There was an old belief that persimmons have magical powers that bring the birth of children and a good harvest. Incidentally, there is a Japanese saying, “Saru mo ki kara ochiru.” This means, “Even monkeys fall out of trees,” or as the English expression has it, “Pride comes before a fall.”
Once upon a time there was a crab who picked up a rice cake, and a monkey, who had a hard persimmon-seed, came together, and who begged the crab to exchange with him. The crab, a simple-minded creature, agreed to this proposal; and they each went their way, the monkey chuckling at the good bargain.
At home the crab planted the persimmon-seed in his garden, and, as time slipped by, it sprouted and grew into a big tree. When he readied to pluck the ripened fruit, the monkey came and offered to gather it for him. The crab consented, the monkey climbed and began eating all the ripe fruit himself, only throwing the sour persimmons to the crab. The crab was not pleased and thought he should play a trick on the monkey. So he called to the monkey to come down head first. The monkey did as he was bid. As he crawled, head first, the ripe fruit tumbled out of his pockets, and the crab picked up the persimmons, ran off and hid in a hole. The monkey, seeing this, lay in ambush, and when the crab crept out of his hiding place beat him, and went home.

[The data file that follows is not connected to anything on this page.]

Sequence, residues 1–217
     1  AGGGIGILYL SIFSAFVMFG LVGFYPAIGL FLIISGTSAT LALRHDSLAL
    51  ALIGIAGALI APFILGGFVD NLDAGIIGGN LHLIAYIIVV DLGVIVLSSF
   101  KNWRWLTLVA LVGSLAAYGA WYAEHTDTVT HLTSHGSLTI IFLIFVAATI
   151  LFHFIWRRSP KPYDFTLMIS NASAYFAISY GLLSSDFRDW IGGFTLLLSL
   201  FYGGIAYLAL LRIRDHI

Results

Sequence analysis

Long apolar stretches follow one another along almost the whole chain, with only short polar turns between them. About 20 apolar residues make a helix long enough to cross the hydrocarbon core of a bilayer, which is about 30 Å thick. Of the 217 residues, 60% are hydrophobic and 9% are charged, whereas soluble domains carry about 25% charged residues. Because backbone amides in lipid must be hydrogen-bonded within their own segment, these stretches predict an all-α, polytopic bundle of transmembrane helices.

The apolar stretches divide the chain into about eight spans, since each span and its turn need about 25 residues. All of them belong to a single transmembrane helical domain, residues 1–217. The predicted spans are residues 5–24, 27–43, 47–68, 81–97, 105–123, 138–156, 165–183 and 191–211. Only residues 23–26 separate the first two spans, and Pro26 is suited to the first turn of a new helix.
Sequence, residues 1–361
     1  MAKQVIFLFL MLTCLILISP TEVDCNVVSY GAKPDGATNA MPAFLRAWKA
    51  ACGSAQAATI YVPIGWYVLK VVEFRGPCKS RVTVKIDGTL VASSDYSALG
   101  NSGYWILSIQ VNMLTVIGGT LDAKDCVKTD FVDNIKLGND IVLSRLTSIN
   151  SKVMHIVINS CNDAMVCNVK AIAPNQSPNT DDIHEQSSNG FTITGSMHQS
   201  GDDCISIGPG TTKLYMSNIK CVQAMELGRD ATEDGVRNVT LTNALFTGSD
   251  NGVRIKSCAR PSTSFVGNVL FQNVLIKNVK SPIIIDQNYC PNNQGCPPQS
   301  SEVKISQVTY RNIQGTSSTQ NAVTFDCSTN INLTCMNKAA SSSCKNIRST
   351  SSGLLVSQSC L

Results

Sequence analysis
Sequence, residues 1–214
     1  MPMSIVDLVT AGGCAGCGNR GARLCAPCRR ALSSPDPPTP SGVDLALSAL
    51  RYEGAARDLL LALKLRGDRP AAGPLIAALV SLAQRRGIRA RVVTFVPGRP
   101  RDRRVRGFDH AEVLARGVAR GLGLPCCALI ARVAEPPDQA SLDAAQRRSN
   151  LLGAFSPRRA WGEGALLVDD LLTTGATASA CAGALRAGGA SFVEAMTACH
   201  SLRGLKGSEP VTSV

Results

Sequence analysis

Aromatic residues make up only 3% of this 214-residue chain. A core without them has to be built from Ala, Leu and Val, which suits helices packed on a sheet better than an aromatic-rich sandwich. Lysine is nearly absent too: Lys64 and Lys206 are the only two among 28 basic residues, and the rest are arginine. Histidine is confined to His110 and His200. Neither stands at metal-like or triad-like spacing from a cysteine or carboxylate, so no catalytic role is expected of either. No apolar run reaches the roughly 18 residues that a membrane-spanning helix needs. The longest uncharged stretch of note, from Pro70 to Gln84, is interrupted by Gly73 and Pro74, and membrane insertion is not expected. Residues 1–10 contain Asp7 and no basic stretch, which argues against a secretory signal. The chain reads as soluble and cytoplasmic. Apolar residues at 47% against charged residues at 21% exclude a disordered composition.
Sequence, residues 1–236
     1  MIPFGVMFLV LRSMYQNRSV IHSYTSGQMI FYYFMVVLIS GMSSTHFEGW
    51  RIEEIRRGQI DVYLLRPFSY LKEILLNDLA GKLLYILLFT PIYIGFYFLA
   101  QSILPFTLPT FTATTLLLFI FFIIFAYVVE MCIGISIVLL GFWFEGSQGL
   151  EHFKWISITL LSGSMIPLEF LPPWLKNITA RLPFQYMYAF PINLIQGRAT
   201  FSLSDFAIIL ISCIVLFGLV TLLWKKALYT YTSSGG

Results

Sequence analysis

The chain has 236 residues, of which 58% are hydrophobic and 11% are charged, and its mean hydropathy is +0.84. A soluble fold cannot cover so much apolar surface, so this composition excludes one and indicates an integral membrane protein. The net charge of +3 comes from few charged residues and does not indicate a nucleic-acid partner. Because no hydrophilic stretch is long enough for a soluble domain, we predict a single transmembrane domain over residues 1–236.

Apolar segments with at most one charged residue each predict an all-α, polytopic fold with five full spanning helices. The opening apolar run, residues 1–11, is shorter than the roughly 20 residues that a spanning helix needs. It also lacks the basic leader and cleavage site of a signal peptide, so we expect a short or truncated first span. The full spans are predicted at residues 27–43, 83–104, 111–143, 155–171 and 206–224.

A friendly egg and bee, apprentices of a certain rice-mortar, happened by, and tied up the crab’s wounds. They planned revenge. They all went to the monkey’s house, in his absence and waited for their enemy to come home. The monkey returned, made a fancy a cup of tea and lit the fire, when, all of a sudden, the egg, hidden in the ashes, burst with the heat, and bespattered the monkey. The monkey fled, howling with pain, and crying, “What an unlucky beast I am!”
The monkey went to the back of his house, when the bee darted out of a cupboard, and a piece of seaweed, who had joined the bee, came at the monkey. No match for so many, the monkey ran away, with the others in hot pursuit. About to make his escape by a back door, the seaweed tripped him, and the rice-mortar made an end of him.
So the crab punished his enemy, went home in triumph, and lived ever after on terms of brotherly love with the seaweed and the mortar.
Adapted from Algernon Bertram Freeman-Mitford’s Tales of Old Japan, 1910.